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One hemisphere of the brain was selected to be immediately frozen in optimal cutting temperature (OCT) compound, randomly, for analysis of blood vessel density and percentage of blood vessel coverage (Fig. 5C and D). Remodeling of blood vasculature was also observed in this model. The blood vessel density was slightly decreased in the metastases compared with normal brain but did not reach statistical significance (P = 0.15). However, blood vessels were much more dilated in metastases; the blood vessels covered 2.00% to 2.16% of normal brain area and 6.02% to 6.46% in the metastases (both P < 0.0001; Fig. 5D). Nevertheless, no effect of pazopanib was observed among metastases or normal brain in terms of blood vessel density (Fig. 5C) or vessel area (Fig. 5D). Figures 5E and F show representative photographs of blood vessels in normal brain and metastatic tissues, respectively. The data confirm vessel remodeling in brain metastases but fail to demonstrate an antiangiogenic effect of pazopanib.

We report a new activity for the multikinase inhibitor pazopanib, the inhibition of tumor cell B-Raf activity. B-Raf has been identified as an oncogene and B-Raf mutations are found in approximately 7% of human cancers with the highest frequency in malignant melanoma (29–32). Drugs targeting B-Raf have been reported with distinct profiles of activity against the wild-type and mutated forms of B-Raf and its family members (24, 33, 34). Our findings emanated from the observation that pazopanib inhibited the proliferation of 231-BR tumor cells directly. Pazopanib has been reported to inhibit the proliferation of lung cancer cells and multiple myeloma cells as well (35, 36). Interestingly, inhibition of tumor cell proliferation by pazopanib was accompanied by inhibition of the MEK1/2 and ERK1/2 pathways, despite the fact that 231-BR cells harbor Ras and B-Raf mutations. None of pazopanib's reported targets could account for this effect in 231-BR cells, because all of the receptors lie upstream of Ras and B-Raf mutations. Enzymatic assays confirmed a direct inhibition of wild-type B-Raf activity by pazopanib in the high nanomolar range. Using tumor cell lysates, pazopanib inhibition of B-Raf extends to the G464V mutation found in 231-BR cells as well as wild type B-Raf activated by HER2 overexpression. The B-Raf G464V mutation is relatively rare in cancer, but has been reported in an ovarian cancer cell line (37), and a nearby mutation, G469V, was identified in melanoma2. However, almost no inhibitory activity of pazopanib toward the V600E B-Raf form was observed. Independent enzymatic Ki studies confirmed a 2.5-fold lower sensitivity for the V600E mutation than the wild-type enzyme. These data appear to separate pazopanib from previously described B-Raf inhibitors (24, 33, 34) and suggest that it may have distinct preclinical and clinical activity. Further biological and biochemical analyses of the B-Raf mutational spectrum sensitive to pazopanib inhibition is ongoing using primary tumor xenografts3.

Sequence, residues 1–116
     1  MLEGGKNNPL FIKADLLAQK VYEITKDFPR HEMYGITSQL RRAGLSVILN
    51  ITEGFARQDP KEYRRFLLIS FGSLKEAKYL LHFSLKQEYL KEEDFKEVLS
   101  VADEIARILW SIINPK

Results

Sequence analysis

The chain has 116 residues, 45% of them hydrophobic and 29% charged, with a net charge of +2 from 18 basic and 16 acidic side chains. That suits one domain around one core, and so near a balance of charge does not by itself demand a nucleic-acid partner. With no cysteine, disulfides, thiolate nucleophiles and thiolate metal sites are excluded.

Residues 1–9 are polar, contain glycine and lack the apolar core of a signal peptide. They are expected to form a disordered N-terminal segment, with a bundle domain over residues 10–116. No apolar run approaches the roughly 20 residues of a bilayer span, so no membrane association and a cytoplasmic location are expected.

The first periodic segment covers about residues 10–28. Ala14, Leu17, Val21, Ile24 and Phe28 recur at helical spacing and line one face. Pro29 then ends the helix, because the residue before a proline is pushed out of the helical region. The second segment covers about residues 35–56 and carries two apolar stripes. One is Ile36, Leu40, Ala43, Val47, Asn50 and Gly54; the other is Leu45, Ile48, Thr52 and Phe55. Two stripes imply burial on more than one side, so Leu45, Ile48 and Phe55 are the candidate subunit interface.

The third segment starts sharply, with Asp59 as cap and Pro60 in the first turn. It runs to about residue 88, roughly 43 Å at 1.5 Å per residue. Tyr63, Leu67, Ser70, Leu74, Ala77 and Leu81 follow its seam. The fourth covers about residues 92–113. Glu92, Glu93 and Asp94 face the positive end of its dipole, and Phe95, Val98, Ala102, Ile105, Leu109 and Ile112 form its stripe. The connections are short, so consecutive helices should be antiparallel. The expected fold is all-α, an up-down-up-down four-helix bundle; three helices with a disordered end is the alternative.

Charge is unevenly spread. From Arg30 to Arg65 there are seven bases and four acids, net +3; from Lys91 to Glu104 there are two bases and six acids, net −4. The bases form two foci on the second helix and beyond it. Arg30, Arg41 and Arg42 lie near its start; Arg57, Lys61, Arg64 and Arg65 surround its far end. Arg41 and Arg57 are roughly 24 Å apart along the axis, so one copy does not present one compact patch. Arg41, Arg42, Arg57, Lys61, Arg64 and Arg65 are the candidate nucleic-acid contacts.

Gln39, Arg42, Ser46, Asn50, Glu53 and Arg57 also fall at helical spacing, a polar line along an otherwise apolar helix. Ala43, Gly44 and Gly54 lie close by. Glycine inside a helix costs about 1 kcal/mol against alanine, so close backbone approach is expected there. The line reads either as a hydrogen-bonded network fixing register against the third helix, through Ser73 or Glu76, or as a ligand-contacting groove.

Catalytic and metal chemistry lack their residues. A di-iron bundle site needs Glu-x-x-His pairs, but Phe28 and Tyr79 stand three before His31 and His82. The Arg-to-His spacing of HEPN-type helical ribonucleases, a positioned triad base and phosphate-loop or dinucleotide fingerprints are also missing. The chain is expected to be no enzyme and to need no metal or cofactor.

Combined with previous data indicating an inhibitory effect of pazopanib on C-Raf (25), our data indicate that this drug is a pan-Raf inhibitor. The interrelationship of B-Raf and C-Raf is complex. Dumaz et al. reported that when Ras is mutated in melanoma cell lines, the cells stop signaling through B-Raf and switch their signaling to C-Raf to activate the MEK/ERK pathway (38). The potential importance of B-Raf to the ERK pathway in 231-BR cells was demonstrated by siRNA knockdown of B-Raf. A potent inhibition of ERK was observed, with no effect on C-Raf expression. These data may appear in contradiction with Dumaz et al. (38), but can be potentially explained by the fact that the 231-BR cell line harbors both a mutant Ras and a mutant B-Raf. B-Raf may become the main mediator downstream of mutant Ras, rather than C-Raf. Similarly, siRNA knockdown of B-Raf in MCF7 cells, where a wild-type B-Raf was activated by HER2 transfection, also showed a significant role for B-Raf in ERK regulation. These data confirm the significance of B-Raf in a more prevalent scenario. It will be of interest to determine whether B-Raf activation by other upstream oncogenic events is also sensitive to pazopanib inhibition.